Sunday, March 19, 2017

Grassley, Leahy Warn EB-5 Industry against Secret Backroom ‘Deals’ to Thwart Reforms

WASHINGTON – Senate Judiciary Committee Chairman Chuck Grassley (R-Iowa) and Senator Patrick Leahy (D-Vt.) put EB-5 industry organizations on notice that backroom deals that do not address the many flaws of the EB-5 program would be dead on arrival.
In a letter to the U.S. Chamber of Commerce and the Real Estate Roundtable, the senators pledge to work in good faith with industry stakeholders to address widespread fraud, national security concerns, and abused economic incentives plaguing the EB-5 Regional Center program, but warned that window-dressing reforms would not be accepted.
“We are disappointed to learn that your organizations may have recently agreed to a secretive, backroom ‘deal’ that undercuts the many good-faith efforts we have made during the past two years. From what we have been told, this so-called ‘deal’ does not advance Congress’s goals for this program and instead is merely aimed at pre-empting the new rules.  It should go without saying that Congress is not bound by any deal that industry officials may have made. Our interests are preserving the integrity of our immigration system and the well-being of the American people.  We will reject out of hand any window-dressing reforms that attempt to preserve the status quo,” the senators wrote in letters to the U.S. Chamber of Commerce and the Real Estate Roundtable.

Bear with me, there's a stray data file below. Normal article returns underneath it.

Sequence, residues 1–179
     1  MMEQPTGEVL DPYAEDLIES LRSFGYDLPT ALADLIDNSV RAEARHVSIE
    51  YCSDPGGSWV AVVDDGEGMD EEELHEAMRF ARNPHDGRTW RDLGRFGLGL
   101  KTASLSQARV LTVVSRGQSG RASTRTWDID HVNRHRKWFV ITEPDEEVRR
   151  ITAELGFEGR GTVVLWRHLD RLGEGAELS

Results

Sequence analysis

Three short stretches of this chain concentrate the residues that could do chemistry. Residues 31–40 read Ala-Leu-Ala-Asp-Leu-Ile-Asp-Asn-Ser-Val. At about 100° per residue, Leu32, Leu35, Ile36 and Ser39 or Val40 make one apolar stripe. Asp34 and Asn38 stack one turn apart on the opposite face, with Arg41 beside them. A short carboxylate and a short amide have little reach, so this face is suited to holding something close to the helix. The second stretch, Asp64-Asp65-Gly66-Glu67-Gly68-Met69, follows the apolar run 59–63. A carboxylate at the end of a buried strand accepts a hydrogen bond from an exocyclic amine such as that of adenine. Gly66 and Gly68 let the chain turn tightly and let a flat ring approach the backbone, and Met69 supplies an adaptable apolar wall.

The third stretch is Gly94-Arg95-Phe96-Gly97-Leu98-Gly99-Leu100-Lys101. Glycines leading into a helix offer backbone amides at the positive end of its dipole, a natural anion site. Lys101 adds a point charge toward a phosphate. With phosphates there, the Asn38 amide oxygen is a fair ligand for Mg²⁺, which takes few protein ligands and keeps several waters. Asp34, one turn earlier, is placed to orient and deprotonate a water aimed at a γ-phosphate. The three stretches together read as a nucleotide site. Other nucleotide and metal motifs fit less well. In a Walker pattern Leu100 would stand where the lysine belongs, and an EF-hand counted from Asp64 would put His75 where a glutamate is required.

Grassley and Leahy have worked for more than two years to examine and address weaknesses and national security vulnerabilities in the EB-5 program, which grants work visas to foreign nationals who invest at least $500,000 in domestic enterprises. The program was designed to spur U.S. job creation, especially in rural or economically distressed areas, but the program has been marked by fraud and abuse.  Minimum investment levels have not kept pace with inflation over the quarter-century life of the pilot program and gerrymandering of regional centers has syphoned investments away from the rural or distressed areas that the program was intended to prioritize.

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